2.6: Molecular Shapes
Molecules have characteristic shapes that are crucial for their function. The arrangement of various electron groups around the central atom dictates their molecular geometry. Electron pairs in the valence shell of a central atom will adopt an arrangement that minimizes repulsions between the electron pairs by maximizing the distance between them. The valence electrons form either bonding pairs, located primarily between bonded atoms, or lone pairs.
Two regions of electron density in a diatomic molecule are oriented linearly on opposite sides of the central atom to minimize repulsions, and three electron groups are arranged in a trigonal planar geometry. Four electron groups form a tetrahedron, five electron groups have trigonal bipyramidal geometry, and six groups are oriented octahedrally.
It is important to note that the electron-pair geometry around a central atom is not always the same as its molecular structure. The electron-pair geometry describes all the regions where electrons are located in a molecule, in bonds and lone pairs. The molecular structure describes the location of the atoms in a molecule, not the electrons. This means that the electron-pair geometry is the same as the molecular structure only when there are no lone electron pairs around the central atom.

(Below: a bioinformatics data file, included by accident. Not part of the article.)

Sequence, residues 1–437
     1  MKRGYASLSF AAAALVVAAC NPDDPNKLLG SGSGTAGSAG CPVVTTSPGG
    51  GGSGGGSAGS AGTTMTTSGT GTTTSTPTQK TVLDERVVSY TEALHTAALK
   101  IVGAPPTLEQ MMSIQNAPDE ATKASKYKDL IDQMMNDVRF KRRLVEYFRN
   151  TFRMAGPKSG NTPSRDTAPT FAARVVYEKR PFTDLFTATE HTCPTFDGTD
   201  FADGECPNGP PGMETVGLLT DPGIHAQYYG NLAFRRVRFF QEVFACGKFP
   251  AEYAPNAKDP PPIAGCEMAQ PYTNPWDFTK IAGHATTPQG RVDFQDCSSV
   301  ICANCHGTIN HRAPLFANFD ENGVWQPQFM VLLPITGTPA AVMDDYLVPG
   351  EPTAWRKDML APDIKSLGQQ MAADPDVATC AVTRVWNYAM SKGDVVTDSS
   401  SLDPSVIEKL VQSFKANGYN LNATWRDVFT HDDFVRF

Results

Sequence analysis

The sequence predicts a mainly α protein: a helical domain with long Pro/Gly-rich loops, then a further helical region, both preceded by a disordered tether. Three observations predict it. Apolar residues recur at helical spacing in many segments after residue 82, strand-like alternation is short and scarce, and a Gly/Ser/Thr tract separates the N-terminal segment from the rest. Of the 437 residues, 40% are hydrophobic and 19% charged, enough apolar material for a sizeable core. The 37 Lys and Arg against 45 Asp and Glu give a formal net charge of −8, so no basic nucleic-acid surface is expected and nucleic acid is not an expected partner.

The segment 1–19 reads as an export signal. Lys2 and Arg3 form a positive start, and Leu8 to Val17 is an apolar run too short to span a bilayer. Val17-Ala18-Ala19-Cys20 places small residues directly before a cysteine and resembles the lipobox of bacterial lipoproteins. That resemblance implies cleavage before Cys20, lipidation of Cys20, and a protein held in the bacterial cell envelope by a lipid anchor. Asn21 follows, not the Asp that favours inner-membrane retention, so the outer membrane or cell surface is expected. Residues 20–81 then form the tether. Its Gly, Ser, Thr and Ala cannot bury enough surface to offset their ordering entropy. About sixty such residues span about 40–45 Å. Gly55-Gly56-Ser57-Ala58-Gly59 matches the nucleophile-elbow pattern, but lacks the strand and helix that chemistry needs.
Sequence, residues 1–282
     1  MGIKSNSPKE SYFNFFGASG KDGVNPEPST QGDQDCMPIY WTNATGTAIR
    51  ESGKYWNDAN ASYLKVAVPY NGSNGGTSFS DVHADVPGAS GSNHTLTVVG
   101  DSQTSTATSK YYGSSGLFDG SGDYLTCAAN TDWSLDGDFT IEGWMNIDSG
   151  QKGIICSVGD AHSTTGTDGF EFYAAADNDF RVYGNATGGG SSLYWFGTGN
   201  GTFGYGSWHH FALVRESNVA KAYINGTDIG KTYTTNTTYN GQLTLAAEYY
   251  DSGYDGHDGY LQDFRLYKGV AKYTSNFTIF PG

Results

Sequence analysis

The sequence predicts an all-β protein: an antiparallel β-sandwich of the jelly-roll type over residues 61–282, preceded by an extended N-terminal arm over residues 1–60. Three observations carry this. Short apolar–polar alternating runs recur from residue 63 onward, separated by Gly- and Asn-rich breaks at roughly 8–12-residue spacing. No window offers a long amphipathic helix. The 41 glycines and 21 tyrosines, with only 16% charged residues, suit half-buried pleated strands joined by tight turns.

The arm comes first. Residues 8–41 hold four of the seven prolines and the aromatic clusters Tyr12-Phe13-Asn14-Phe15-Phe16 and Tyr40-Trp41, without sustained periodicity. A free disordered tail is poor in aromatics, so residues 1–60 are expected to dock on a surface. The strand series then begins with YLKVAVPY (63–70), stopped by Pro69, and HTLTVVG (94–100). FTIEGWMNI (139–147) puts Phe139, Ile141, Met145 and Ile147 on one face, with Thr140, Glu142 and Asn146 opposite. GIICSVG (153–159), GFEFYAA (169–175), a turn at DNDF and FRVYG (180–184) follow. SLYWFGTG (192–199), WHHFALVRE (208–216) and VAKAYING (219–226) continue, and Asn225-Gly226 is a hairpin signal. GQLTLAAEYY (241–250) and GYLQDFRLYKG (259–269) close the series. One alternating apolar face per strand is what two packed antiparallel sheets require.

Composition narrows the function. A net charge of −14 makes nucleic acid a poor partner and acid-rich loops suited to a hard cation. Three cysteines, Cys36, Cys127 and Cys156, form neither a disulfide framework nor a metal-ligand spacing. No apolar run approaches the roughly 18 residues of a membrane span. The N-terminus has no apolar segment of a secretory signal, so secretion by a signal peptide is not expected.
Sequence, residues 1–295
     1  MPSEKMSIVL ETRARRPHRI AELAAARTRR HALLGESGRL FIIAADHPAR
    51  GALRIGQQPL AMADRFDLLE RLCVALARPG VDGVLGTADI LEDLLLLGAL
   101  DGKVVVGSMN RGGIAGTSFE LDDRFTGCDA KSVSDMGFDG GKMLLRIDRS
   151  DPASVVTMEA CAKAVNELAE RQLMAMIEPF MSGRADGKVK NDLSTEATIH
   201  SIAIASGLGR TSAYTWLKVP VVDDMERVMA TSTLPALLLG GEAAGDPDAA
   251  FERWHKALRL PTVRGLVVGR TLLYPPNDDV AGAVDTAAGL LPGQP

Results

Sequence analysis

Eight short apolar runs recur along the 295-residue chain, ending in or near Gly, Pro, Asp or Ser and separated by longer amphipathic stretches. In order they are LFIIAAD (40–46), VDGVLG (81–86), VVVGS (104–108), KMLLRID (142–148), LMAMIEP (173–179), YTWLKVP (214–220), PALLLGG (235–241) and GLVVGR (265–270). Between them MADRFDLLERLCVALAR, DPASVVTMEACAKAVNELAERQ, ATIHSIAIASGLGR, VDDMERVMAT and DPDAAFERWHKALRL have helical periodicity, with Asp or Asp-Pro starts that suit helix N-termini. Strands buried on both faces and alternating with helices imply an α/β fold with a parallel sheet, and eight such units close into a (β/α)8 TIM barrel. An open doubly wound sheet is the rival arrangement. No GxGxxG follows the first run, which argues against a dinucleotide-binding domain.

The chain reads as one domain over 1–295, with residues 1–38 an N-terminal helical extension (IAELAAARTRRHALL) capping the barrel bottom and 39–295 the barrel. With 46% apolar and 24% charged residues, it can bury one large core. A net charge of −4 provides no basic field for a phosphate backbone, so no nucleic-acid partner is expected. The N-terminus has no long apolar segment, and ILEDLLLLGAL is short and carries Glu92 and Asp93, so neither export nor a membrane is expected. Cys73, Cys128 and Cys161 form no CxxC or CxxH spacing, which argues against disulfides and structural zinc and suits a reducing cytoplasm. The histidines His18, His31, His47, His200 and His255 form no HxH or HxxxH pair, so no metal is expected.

A lone pair of electrons occupies a larger space than a bonding pair because a lone pair is bound to only one nucleus, but two nuclei share a bonding electron group. Because of this, lone pair–lone pair repulsions are greater than lone pair–bonding pair and bonding pair–bonding pair repulsions.
Part of this text is adapted from Openstax, Chemistry 2e, Section 7.6: Molecular Structure and Polarity.
Flowers, P., Theopold, K., Langley, R., Robinson, W. R., Clark, M. A., Douglas, M., Choi, J. Section 7.6: Molecular Structures. In Chemistry 2e. OpenStax. Houston, TX (2019).